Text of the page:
Perception: This is a rather universal skill, aiding in foraging and disarm/lockpicking skills, but its primary use is to see people or creatures hiding, stalking, and stealing. It's also one of the survival skills that is easiest to learn (it's said Rangers learn perception by breathing, practically), and as such, you should pick up lots of it to contribute to that survival average.

Procuring Perception:

Scouting: The Ranger-only survival skill, it allows the Ranger to follow a person practically anywhere they go. It also allows a Ranger to utilize the Trailmarker system, to later make their own trailmarkers, and to be able to send one's companion to find someone, then track it down.

Seeking Scouting:

Skinning: One of the best skills in a Ranger's arsenal, this is how the true money is made. When a creature with a skin is killed, the Ranger can skin the beast, get its pelt, and sell it at a tanner for money. When a Ranger becomes ardent in skinning, they gain the ability to arrange the skins of what they kill. This ability multiplies the value of the skin by a great amount, sometimes as high as triple what you would get without an arrange. While it is more difficult, the rewards from the process are worth the challenge indeed. There are a lot of ways to take advantage of skinning, too, and make your skinning attempts better and more valuable.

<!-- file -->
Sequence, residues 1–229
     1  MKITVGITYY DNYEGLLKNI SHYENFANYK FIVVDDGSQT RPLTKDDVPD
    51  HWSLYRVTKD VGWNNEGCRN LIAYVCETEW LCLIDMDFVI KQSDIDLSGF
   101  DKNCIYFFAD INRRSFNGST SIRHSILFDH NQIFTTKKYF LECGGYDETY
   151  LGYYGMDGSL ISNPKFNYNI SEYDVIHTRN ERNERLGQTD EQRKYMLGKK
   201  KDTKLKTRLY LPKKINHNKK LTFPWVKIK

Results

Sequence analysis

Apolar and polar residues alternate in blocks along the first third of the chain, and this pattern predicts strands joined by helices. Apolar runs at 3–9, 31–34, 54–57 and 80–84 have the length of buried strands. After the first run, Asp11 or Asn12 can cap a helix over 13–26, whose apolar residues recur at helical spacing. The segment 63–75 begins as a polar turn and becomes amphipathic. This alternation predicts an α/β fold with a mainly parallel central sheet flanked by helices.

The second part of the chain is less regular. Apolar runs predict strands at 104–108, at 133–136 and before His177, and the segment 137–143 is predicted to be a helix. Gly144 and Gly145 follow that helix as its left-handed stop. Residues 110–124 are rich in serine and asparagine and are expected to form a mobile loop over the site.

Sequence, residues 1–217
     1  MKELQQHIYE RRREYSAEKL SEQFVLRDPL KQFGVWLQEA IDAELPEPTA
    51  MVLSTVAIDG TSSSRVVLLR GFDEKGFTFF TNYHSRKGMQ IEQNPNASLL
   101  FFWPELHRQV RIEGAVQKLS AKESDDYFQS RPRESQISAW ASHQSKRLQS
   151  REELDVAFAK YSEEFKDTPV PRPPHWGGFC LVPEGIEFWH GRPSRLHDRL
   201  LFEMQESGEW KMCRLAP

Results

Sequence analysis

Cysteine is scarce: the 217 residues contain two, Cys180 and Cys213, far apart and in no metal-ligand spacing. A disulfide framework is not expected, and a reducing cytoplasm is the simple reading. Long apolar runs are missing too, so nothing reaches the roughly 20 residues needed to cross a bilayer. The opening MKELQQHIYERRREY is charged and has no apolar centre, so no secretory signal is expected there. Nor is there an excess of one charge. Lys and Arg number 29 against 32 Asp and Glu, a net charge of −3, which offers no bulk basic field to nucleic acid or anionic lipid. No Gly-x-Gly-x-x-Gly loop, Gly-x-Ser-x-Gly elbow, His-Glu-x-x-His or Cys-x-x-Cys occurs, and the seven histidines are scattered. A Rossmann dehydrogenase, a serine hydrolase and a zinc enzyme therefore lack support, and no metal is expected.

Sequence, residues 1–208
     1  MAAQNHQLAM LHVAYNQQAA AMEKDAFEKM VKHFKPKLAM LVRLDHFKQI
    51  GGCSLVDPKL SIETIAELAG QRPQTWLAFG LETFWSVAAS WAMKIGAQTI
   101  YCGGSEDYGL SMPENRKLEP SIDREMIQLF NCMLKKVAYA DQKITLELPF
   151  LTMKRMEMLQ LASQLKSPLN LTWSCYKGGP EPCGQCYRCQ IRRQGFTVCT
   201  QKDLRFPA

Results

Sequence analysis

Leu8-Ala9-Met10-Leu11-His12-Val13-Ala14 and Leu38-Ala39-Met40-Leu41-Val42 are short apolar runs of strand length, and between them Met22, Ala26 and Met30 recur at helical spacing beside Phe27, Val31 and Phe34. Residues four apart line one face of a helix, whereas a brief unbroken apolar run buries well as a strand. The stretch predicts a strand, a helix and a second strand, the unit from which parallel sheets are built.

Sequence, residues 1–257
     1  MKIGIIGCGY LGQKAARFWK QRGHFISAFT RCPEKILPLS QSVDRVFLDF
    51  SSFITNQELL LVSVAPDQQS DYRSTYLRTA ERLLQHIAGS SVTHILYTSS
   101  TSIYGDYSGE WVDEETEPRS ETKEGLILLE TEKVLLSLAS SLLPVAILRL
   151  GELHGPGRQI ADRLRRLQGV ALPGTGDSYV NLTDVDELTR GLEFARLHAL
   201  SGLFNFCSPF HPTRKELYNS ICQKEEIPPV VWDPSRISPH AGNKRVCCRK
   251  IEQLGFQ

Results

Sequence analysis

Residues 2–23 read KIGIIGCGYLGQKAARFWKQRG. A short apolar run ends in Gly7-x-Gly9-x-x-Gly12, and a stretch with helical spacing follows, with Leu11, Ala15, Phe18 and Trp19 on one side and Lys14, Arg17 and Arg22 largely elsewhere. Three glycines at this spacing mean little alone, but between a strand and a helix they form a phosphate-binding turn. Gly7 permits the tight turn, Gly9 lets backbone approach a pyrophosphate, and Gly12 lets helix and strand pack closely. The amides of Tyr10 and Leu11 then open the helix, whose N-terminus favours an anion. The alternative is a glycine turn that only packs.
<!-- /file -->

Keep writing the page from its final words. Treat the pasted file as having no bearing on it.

Scoring Skinning:

Stalking: The ability to sneak about and follow creatures and people, stalking provides the Ranger with what can sometimes be an extremely required stealth mode. This ability, while more suited to a Thief's realm, helps us follow our prey about while we prepare to kill, skin, and search it.

Snagging Stalking